I’ve learned a few things about tribute bands over the years. They tend to use the tribute thing as a bit of a gimmick. Some create as real of an experience as you can get without seeing the actual band live. They strive for authenticity, and that means if you’re playing Simon Le Bon, you’d better BE as close to Simon as possible. There’s no taking “artistic license” with his vocals OR with the lyrics. The costuming has to be accurate. “Simon’s” wig cannot look like it once belonged to Donald Trump, for instance. The music has to sound as close to the band as possible without it being karaoke or merely a lip sync performance. Sure, there might be some smoke and some mirrors, after all, even the real bands use backing tracks and a zillion other effects. However, the goal is for it all to feel genuine. Other bands use the tribute as shtick. It’s comedic, and it’s not really meant to be authentic, although it might still get audiences in the door. That said, there’s good comedy, and there’s really bad comedy, right? The same can be said for tribute bands. Some might be hilariously funny, but the musicianship is top-notch. Others might be funny because they’re trying to hide the fact that they can’t really play. Still others are a blend of all of it.

The whole tribute band scene is rather incestuous, so to speak. While you might see a band like Arena, or even The Cured—later on that same night, you might see people from those same bands performing in other tributes. While I can understand the economic issues in doing so, it all feels a little awkward to someone like me who might be paying attention.  What band are they actually IN, and why is everyone trading members? Those things bug me. Even so, if the guy (or girl) can play it all, so be it.

Lastly, there’s me, obsessed Duran Duran fan. I am probably not the best audience for any DD tribute band, because A. I’m a huge fan. I know every single Duran Duran song down to the tiniest chord and glottal stop. and B. I own a blog.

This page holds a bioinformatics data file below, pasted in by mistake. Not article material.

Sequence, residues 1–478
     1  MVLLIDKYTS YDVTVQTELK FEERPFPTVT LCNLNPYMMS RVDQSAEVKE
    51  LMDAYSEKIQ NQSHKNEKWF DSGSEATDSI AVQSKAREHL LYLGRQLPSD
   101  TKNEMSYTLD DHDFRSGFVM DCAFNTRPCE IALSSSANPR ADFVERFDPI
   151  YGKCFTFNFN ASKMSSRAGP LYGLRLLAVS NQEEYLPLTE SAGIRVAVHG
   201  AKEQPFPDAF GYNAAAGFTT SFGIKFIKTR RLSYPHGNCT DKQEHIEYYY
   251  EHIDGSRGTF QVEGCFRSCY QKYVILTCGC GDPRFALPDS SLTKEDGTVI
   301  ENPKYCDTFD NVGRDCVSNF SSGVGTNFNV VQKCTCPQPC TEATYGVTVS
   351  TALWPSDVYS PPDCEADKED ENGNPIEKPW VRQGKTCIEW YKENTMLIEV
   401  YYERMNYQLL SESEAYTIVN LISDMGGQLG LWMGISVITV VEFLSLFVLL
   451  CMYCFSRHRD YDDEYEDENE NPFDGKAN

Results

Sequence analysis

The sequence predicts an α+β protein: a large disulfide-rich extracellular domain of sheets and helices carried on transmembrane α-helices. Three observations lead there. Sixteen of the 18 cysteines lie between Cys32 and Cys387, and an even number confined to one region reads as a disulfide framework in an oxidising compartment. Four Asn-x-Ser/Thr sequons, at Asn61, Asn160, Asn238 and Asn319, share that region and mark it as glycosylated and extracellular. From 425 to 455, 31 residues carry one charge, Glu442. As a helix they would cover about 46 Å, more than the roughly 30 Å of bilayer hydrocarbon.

The reality is, I’m a great audience member for any other tribute band besides Duran Duran. I don’t know anyone’s music the way I do DD’s, and I’m happy just to hear Blue Monday, Love Will Tear Us Apart or even Love Cats. I know the hits pretty well, but not obsessively so, and it’s all great fun. So, when I tell you that I was not entirely taken by Arena, understand that my standards are unapologetically high. They were good, but not great.

All of that aside, the band was fun. I definitely spent time bobbing my head and instinctively doing all the same things I might do at a Duran show—except for maybe screaming at the guitar player and rolling my eyes when they played HLTW—I’ve got to save something for the real deal, you know. I can’t review Arena the way I initially thought I might, because it would be unfair. I did have fun that night, and maybe that’s the takeaway for me – I can’t and shouldn’t intensively review a DD-tribute band.

I’ve come to the realization that I am the nightmare audience member for a DD tribute band, outside of maybe any actual, real, band member. I’m the person you can and should call in for a quality control assessment, because I’m brutally honest. However, no one needs me in their audience, particularly if I’m writing a review.

On the other hand, I loved Substance – the New Order tribute, because I’m a casual fan of New Order. I have their albums, I know their songs, but I don’t know them in the same way. The vocals weren’t exactly the right tone, but the music was good, and I heard songs I hadn’t heard in years. The same holds true for The Cured. The vocals were fairly close, and musically the band was fabulous. They have a professional quality about them that I very much admire, and I’d go see them again.

The escape, even for just a few hours, was a welcome respite.

-R